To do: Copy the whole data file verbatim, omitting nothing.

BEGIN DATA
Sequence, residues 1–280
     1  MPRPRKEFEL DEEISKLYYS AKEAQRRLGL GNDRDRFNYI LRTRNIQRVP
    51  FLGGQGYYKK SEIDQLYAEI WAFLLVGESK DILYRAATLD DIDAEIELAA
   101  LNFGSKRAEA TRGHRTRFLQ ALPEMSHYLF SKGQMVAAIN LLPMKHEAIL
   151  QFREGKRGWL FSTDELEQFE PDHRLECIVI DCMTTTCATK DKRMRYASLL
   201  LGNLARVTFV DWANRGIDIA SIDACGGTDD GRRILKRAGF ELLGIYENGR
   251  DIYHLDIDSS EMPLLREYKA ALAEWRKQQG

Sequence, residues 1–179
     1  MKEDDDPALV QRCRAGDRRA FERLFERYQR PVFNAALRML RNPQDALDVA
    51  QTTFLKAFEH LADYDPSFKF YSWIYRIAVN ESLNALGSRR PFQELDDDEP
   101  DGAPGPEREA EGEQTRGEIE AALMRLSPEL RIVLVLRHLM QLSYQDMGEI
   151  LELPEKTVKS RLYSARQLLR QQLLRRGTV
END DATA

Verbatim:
Sequence, residues 1–280
     1  MPRPRKEFEL DEEISKLYYS AKEAQRRLGL GNDRDRFNYI LRTRNIQRVP
    51  FLGGQGYYKK SEIDQLYAEI WAFLLVGESK DILYRAATLD DIDAEIELAA
   101  LNFGSKRAEA TRGHRTRFLQ ALPEMSHYLF SKGQMVAAIN LLPMKHEAIL
   151  QFREGKRGWL FSTDELEQFE PDHRLECIVI DCMTTTCATK DKRMRYASLL
   201  LGNLARVTFV DWANRGIDIA SIDACGGTDD GRRILKRAGF ELLGIYENGR
   251  DIYHLDIDSS EMPLLREYKA ALAEWRKQQG

Sequence, residues 1–179
     1  MKEDDDPALV QRCRAGDRRA FERLFERYQR PVFNAALRML RNPQDALDVA
    51  QTTFLKAFEH LADYDPSFKF YSWIYRIAVN ESLNALGSRR PFQELDDDEP
   101  DGAPGPEREA EGEQTRGEIE AALMRLSPEL RIVLVLRHLM QLSYQDMGEI
   151  LELPEKTVKS RLYSARQLLR QQLLRRGTV